QUARANTINE authorities have renewed the push to protect Australia's BSE free status.
In light of Japan's second recorded case of the disease, along with the conviction of NSW hobby farmer Phillip McIlwain for feeding animal material to his sheep, authorities have confirmed ongoing audits and awareness campaigns remained rigorous.
Newly appointed WA agriculture department chief veterinary officer Peter Buckman said there had been a continued extension of monitoring programs, with the latest focus being placed on appropriate labeling of products, which contained animal material.
He said ensuring retailers and manufacturers were adequately educated was another important step in preventing the misuse of such products.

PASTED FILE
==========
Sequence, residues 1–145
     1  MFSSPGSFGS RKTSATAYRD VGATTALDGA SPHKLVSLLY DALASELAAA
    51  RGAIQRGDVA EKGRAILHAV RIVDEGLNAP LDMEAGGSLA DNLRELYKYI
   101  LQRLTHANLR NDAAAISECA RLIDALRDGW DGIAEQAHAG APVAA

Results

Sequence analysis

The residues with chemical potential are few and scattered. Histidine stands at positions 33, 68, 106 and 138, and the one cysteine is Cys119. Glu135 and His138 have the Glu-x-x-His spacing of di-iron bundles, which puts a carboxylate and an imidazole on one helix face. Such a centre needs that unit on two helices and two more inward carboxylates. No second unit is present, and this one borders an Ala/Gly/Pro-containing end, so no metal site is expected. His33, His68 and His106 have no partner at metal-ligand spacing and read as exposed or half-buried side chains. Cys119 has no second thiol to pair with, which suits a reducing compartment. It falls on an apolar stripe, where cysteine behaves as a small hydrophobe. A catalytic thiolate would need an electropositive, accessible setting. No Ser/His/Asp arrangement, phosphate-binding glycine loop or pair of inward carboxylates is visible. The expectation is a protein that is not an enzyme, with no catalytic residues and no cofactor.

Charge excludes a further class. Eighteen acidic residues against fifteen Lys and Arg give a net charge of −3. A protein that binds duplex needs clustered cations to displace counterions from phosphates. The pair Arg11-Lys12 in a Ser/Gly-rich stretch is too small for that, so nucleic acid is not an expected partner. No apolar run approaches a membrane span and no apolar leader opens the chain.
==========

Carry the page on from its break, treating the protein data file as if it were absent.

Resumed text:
Mr Buckman said recent events had highlighted the seriousness of the matter, but there was always a risk that individuals may ignore warnings.
A state by state review of penalties would be a necessary part of the response, according to Mr Buckman, after Mr McIlwain was fined $1767 for two counts of breaching the Stock Diseases Act.
PGA policy director Damien Capp said targeted surveillance had been a part of disease control programs for years, but extending controls had prevented Australian meat markets being hit too badly by dips in beef consumption.
"We have such a high level of confidence around the world in our product that the sales of Australian beef are holding up well, " he said.
Mr Capp said he anticipated more markets would be opened to Australian meat producers with continued commitment to current programs.
A Meat and Livestock Australia spokes person said the group were reprinting a BSE education brochure, which would be distributed widely across Australia.